On December 22, 2017 a few Woolfers in a thread about the holidays discovered that they were all going to be alone in New York City on Christmas Eve, and within minutes they (these complete strangers, who had never met or even spoken IRL) made a plan to meet in Chinatown for a festive dinner! That’s how much we’ve grown to trust our tribe of over 7,000 “like-minded” women. Not to mention the fact that we recommend doctors and lawyers and books and many of us have probably spent hundreds of dollars on beauty, household, and fashion products that others swear by.

Being able to share frankly, and feeling confident that we don’t need to be ashamed of our vulnerabilities, is a huge component of what makes our group special, but how is that different from my relationships in real life? How has it come to be that a digital community has buoyed me beyond the one I already have in flesh and blood? The answer, I think, lies in the random anonymity. With my own friends (and God knows, family), there is an implicit context, and a set of established expectations. There is history, and pattern, and prejudice. When I asked a bunch of complete strangers a question — for example “Am I being a jerk if I get a dog even though my husband doesn’t want one? What if I’m the one who will take on the bulk of the expense and care?” — I received range of answers (hundreds!) that were smart and thoughtful and completely unbiased, at least vis a vis me. Everyone of course brings their own baggage to every conversation, but the women dug deep, and really considered the question from all angles. It’s a little like having your own personal Ann Landers, x 7000.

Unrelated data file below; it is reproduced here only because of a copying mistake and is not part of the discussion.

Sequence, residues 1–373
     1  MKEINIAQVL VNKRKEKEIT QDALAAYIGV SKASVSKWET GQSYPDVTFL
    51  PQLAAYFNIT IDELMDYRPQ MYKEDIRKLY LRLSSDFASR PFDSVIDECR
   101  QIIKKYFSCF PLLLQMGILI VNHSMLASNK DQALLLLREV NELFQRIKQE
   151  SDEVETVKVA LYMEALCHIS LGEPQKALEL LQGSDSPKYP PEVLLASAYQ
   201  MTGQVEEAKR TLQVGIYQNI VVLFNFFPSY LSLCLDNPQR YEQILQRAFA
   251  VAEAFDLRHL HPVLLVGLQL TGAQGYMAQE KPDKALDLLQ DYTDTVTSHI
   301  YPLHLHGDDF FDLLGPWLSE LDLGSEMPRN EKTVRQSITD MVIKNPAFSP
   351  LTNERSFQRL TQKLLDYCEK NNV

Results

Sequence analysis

The answer, by the way, was pretty evenly split — some women thought I was being selfish and disrespectful, others surmised he’d come to love the new dog in a heartbeat and he was being lazy and withholding. I didn’t get the dog, but I did wind up getting a divorce.

I don’t know if everyone needs a confidential online group of like-minded trustworthy strangers in their back pocket, but I can tell you for sure that it has changed my life. We make each other think — we laugh, we cry — we have instant simpatico friends wherever we travel, and a 24/7 resource to answer any conceivable question that one might need answered.

We Woolfers have each other’s backs; we are a wonder!

View the original article on NextTribe

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Nina Lorez Collins

About the Author

Nina Lorez Collins a lifelong New Yorker, born there in 1969. She graduated from Barnard College in 1990 and got a Masters in Narrative Medicine from Columbia in 2013. She has four kids who are mostly launched, is the founder and author of WWVWD, and serves as a trustee on the board of the Brooklyn Public Library.